Posted Wednesday 13 June 2012
As Chair of the London Museums Group I was asked help host an awards ceremony for museum volunteers at the Museum of London on the 7th June [see picture]. What a pleasure, in the midst of so much doom and misery, to be at an event which was a celebration of museums, the people who work in them and (most importantly) the volunteers who enable London museums to punch above their weight.
The Awards are organised every year by the Museum of London’s Regional Volunteer Management Project, which supports volunteer involvement in London museums and has been running for the last four years, providing a range of different initiatives. These include supporting museums to develop and adapt volunteer management practices, helping them to ensure that volunteer involvement in their museum is sustainable, helping them to make sure their volunteers are having a high quality volunteering experience and making sure they get the most out of this valuable resource. The project is ably headed up by Kate Bowgett who also arranged the awards with the support of Arts Council England.
Being a volunteer myself (LMG is run by a volunteer coalition of the willing almost all of whom have full time jobs or their own consultancies to run) I am a passionate supporter of volunteers. I have worked with volunteers throughout my career and have been constantly impressed by their professionalism and enthusiasm. I have found them to be kind and generous people, who have supported me and the museums I’ve worked in through some tough times. They often bring a fresh set of ideas and skills to the table and I think it’s fair to say that I have learned as much from my volunteers as they have from working in museums.
At the awards ceremony we welcomed representatives from over 20 London museums with an amazing range and diversity of skills. Apparently, a staggering 9000 people offer their time for free to London’s museums, giving approximately 17 million pounds worth of work a year. Volunteers play a major role in caring for London’s heritage and culture, and ensuring that this heritage is accessible to Londoners and tourists alike. The Awards recognise the immense input volunteers make to London’s museums, large and small.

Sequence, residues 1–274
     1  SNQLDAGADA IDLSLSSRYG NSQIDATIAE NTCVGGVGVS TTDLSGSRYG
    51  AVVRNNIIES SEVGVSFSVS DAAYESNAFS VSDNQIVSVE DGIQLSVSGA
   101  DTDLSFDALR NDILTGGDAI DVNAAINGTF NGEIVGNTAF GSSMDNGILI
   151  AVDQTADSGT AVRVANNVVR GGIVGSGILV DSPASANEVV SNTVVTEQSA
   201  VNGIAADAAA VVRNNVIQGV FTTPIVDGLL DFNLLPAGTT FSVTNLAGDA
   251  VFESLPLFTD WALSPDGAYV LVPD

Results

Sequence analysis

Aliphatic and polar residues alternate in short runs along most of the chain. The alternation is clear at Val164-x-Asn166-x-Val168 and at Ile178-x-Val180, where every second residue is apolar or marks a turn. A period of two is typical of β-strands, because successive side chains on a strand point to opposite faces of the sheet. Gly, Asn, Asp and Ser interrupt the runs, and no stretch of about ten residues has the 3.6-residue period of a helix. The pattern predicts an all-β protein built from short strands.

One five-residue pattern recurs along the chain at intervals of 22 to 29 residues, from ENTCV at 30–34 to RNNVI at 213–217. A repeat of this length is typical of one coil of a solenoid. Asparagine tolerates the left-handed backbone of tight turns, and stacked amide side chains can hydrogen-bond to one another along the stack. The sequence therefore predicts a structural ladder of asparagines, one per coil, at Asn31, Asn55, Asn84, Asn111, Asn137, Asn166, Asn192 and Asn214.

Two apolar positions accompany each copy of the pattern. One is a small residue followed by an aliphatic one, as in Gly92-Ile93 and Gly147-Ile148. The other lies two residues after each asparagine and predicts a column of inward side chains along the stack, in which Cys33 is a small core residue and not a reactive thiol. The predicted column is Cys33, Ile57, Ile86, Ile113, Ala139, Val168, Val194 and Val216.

During the evening I met an inspirational array of people from a young volunteer team working at the London Transport Museum to volunteers picking up awards for long standing service. I particularly enjoyed meeting Gareth Miles who volunteers at the Old Operating Theatre (where I used to be a volunteer myself), Rose Bentley, who is 90 years young and still helping out at the Jewish Museum and Rachel Jackson who got an award for managing volunteers at the Canal Museum. It was also great to see our friends at the Cinema Museum getting a well deserved award for outstanding achievement.
I came away feeling much more positive about the future of the museum sector and about life in general, thanks to the generous catering. I wish all the volunteers who were there the very best with their projects and plans and hope to be invited back next year.
Chair, London Museums Group